Most English-speaking people have a similar superstitious belief that the word "cat" means cat. That superstition works pretty well. It lets us all talk about cats, and understand each other. It's just a convention, of course. It doesn't matter what word we use to mean cat. Just as long as we are not all existentialists, and keep changing what words mean every new day. True existentialists can't speak English. Or even Parisian French. Why should words mean what they meant yesterday?
The word "grue" means "green until 2013, and blue thereafter". The word "bleen" means "blue until 2013, and green thereafter". In the other half of the dictionary, the word "green" means "grue until 2013, and bleen thereafter". And "blue" means "bleen until 2013, and grue thereafter".
All emeralds so far observed have been both green and grue. If we believe in inductive inference, should we expect emeralds to continue being green, or continue being grue, after 2013? Will emeralds change colour or do nothing in 2013? What do you mean by "doing nothing"? Do you mean staying green, or staying grue?
Suppose you see monetary policy change today. Do people expect monetary policy to change again or do nothing in 2013? What do you mean by "doing nothing"? Because if you think that you can project the present into the future, so that the null hypothesis is doing nothing, your actions today will depend on what you mean by "doing nothing".
Take a simple duopoly model. Two firms in an industry, each produces a good that is an imperfect substitute for the other firm's good. Write down the demand functions and cost functions for the two firms. Assume each firm maximises profits. Assume all that is common knowledge between the two firms. Assume Nash equilibrium in a one-shot game with both firms moving simultaneously.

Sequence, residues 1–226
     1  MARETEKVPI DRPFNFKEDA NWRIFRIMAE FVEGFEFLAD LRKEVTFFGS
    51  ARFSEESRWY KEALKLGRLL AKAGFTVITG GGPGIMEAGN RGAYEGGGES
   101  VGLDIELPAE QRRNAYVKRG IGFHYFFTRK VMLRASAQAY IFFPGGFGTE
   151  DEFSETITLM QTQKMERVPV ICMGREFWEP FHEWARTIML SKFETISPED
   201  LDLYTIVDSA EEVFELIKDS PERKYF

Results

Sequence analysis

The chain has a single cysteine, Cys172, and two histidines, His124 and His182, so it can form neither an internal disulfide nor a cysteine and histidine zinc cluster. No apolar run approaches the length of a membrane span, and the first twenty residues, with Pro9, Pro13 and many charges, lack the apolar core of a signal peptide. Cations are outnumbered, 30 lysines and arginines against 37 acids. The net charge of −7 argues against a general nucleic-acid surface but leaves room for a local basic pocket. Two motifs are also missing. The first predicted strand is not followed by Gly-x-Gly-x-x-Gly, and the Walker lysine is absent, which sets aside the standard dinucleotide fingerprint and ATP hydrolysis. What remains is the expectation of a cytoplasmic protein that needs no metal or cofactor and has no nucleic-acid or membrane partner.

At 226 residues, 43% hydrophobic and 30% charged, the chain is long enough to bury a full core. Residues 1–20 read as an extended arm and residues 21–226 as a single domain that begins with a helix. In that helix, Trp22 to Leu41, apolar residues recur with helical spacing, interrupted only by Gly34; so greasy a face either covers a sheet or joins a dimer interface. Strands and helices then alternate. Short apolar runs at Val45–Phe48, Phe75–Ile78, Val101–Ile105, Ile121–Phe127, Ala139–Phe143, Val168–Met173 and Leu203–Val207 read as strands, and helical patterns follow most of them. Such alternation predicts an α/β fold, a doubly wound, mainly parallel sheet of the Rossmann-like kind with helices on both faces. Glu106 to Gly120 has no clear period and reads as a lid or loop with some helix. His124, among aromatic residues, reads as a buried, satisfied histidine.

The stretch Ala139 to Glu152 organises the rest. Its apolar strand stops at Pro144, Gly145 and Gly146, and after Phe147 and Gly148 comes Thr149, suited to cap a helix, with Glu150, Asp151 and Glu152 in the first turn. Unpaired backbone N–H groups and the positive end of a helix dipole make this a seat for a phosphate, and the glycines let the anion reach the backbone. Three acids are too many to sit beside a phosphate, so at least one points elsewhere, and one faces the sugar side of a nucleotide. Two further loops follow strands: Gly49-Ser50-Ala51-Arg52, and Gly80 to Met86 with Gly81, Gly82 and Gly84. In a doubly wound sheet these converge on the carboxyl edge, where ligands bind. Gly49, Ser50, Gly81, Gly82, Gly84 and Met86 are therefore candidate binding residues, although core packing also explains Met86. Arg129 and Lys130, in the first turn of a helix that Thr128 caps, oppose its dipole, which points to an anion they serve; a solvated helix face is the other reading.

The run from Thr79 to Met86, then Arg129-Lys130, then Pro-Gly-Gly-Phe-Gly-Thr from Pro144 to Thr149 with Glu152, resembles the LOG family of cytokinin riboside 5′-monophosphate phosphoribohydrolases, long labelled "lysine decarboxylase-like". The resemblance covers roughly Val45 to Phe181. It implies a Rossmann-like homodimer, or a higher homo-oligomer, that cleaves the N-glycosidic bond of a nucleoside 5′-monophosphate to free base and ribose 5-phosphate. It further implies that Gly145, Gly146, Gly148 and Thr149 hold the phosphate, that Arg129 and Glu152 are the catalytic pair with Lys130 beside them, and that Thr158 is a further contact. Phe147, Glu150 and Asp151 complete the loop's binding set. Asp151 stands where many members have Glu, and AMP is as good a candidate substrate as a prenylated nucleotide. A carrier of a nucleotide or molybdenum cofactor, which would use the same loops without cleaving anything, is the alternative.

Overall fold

As economists have known for centuries(?), all that is not enough to predict the outcome. There's the Cournot-Nash equilibrium, where each firm chooses a quantity to maximise profits, given the other firm's quantity. And there's the Bertrand-Nash equilibrium, where each firm chooses a price to maximise profits, given the other firm's price. And the prices and quantities chosen in Cournot-Nash are different from the prices and quantities chosen in Bertrand-Nash. Any upper year economics undergraduate could do the math to prove this. I did it once.
It matters whether the two firms speak the quantity language or speak the price language. A change in the language in which we talk about and think about the concrete reality changes that concrete reality. We get lower prices and higher output if the duopolists speak P-language than if they speak Q-language.
Sure, P-language can be translated into Q-language, and vice versa. But an unconditional statement about what price the firm will set is equivalent to a conditional statement about what quantity the firm would set, as a function of the other firms quantity, to ensure that same price. (And vice versa). And then we have re-opened the game, because there is no auctioneer to solve those two conditional reaction functions for the equilibrium.
If language matters for nuts and bolts in something as concrete as industrial organisation theory, where the practical no-nonsense feet-on-the-ground applied economists hang out, how can it not matter in monetary theory? The central bank can say things in one language which it cannot say in another language. The interest rate language they currently use does not contain negative numbers. And it is an ambiguous language when it comes to whether an increase in nominal interest rates means a tightening or a loosening of monetary policy.
The people of the concrete steppes won't like this post. Because I'm saying their concrete steps will go up or go down, depending how you talk about them. They aren't made of concrete. But it's incredibly hard, when you have gotten used to one conceptual scheme for thinking about the world, to realise that your conceptual scheme is not concrete. There is nothing essentially catty that all cats have in common. "Cat" is just a more or less useful name, a bit fuzzy round the edges, that we use to divide off some animals from others. But in economics, unlike biology, how cats behave depends on whether we call them "cats".
Von Mises said, in Human Action IIRC, that economics is reasoning about reasoning beings. That's true and important. But economics is also talking about talking beings. It might be pushing things only a little too far if I said that economics is a sub-field within philosophy of language.
[I won't be near a computer much this weekend, so won't be responding quickly to comments.]